Wednesday, 30 March 2011

Libraries and mental health

Shaun Bailey, an ambassador for the big society project and a former Conservative prospective candidate, has asserted that local councils are closing public libraries because they are "not being used". (Radio 4 'Today 'programme).

Where has he been?  Over the last three years local libraries have become a major resource for mental health in the south-west London borough where I work as a bridge builder.  The libraries are being used as never before.

As part of the movement to mainstream independence, mental health provider Imagine has moved its day centre services into the local libraries.  Not only does this dramatically decrease the marginalisation of people with mental health challenges but it also enables more access for more people.  Libraries in their role as community providers have never been more useful and more utilised.  The stigma of mental ill-health is itself sidelined when service users access libraries along with the rest of the general public.  That's mainstream.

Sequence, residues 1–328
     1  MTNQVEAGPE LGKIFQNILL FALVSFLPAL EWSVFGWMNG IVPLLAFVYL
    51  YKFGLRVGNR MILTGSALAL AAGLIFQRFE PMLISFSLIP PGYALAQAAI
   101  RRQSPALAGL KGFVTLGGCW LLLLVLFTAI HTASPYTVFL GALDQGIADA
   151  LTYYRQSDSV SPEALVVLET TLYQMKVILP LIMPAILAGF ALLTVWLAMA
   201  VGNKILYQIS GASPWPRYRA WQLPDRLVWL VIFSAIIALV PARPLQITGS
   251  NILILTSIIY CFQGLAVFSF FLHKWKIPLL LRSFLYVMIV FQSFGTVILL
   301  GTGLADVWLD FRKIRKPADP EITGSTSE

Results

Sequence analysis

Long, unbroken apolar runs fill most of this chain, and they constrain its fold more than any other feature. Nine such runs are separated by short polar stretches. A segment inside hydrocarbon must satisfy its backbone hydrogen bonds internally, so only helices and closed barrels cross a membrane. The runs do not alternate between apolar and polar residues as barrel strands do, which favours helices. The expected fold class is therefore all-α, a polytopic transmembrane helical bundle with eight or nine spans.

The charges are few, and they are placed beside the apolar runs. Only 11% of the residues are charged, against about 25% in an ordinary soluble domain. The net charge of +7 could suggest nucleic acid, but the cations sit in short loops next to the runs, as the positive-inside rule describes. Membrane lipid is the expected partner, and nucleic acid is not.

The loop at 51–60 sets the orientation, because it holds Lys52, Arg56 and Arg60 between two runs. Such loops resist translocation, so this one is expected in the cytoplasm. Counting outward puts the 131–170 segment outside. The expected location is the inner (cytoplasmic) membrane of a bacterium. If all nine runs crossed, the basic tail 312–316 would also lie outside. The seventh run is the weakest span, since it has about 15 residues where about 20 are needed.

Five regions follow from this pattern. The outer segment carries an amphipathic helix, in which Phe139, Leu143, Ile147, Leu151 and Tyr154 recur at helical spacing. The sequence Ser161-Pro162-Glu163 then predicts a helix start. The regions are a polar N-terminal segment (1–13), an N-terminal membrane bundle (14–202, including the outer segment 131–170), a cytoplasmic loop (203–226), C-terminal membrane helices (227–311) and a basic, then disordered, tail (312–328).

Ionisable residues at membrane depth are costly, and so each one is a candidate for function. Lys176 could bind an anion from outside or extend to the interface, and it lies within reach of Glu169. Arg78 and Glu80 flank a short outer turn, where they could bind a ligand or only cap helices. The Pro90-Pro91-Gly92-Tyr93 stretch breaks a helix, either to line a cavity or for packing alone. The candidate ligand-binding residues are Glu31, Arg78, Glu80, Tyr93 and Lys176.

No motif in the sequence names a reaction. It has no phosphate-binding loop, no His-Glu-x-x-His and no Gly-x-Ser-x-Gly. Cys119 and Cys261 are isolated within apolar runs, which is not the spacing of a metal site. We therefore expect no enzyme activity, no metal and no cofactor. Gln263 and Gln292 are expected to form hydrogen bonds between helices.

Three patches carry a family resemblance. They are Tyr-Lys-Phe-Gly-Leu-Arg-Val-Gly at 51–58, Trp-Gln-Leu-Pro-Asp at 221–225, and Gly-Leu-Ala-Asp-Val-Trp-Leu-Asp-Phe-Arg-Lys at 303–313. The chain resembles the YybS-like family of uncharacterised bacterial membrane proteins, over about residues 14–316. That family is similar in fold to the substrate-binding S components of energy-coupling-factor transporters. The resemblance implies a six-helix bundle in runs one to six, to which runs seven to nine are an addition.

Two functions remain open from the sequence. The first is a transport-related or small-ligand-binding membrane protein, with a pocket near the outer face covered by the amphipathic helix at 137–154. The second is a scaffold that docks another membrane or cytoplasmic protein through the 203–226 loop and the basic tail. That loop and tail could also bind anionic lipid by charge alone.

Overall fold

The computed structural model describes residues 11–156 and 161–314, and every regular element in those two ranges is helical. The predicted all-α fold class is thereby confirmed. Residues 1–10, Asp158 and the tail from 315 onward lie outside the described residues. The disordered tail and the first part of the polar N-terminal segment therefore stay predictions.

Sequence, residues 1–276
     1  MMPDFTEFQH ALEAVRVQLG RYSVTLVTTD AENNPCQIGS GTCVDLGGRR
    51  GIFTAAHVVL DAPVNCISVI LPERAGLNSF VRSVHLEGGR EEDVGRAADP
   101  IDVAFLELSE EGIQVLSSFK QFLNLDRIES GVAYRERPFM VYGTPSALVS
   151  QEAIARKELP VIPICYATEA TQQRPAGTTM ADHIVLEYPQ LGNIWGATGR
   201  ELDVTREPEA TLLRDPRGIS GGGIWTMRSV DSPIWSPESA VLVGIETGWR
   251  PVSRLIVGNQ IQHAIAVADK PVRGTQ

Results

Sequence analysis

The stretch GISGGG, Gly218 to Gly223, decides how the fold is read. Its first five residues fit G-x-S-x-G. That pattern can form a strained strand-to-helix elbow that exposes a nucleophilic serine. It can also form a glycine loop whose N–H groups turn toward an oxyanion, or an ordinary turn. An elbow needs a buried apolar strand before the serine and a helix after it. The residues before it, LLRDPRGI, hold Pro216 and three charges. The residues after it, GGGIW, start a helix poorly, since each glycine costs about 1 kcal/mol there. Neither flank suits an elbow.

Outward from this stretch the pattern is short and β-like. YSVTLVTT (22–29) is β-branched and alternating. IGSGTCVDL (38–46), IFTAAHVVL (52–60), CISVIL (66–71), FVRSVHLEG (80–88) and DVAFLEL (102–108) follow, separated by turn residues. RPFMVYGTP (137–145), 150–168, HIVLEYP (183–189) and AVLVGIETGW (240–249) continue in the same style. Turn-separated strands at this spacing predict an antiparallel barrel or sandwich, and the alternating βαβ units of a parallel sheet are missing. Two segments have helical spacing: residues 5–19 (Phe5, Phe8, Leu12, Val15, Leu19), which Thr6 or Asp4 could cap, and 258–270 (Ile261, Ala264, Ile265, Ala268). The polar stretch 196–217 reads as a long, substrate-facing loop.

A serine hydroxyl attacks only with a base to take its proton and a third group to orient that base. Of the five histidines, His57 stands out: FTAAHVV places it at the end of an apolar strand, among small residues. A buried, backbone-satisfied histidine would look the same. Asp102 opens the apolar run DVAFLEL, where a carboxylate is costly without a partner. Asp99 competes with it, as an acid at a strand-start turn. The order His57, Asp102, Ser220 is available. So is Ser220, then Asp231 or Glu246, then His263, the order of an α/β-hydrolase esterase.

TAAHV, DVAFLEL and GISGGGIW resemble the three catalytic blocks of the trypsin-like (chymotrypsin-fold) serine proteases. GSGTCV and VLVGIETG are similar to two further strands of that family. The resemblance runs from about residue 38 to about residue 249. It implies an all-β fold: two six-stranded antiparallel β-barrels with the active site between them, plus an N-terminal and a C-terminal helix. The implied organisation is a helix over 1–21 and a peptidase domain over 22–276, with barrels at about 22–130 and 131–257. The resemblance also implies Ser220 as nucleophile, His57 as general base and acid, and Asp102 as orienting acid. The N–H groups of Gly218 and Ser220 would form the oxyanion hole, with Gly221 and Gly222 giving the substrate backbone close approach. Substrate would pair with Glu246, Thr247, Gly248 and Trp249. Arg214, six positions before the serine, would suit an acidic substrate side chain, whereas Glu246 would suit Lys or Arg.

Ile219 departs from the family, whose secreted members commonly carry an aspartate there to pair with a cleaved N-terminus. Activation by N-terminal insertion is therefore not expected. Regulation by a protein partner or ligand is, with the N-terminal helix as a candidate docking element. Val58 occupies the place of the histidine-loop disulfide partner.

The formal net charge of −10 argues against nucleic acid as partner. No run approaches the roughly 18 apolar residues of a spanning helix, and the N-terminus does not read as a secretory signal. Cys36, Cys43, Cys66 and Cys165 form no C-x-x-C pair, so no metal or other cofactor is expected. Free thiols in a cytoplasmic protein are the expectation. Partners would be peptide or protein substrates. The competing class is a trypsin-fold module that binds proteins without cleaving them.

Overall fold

Libraries managers and staff were amongst the first to sign up for mental health awareness training when it was offered in the borough. 

I count libraries are amongst the most socially inclusive environments in contemporary community life.  My client meetings often take place in the local library.  Meeting in a library is one of the best ways to start the conversation about mainstream in a non-clinical setting. 

Mainstream can only take place in and from mainstream.  Libraries are at the forefront of the practice of inclusion.

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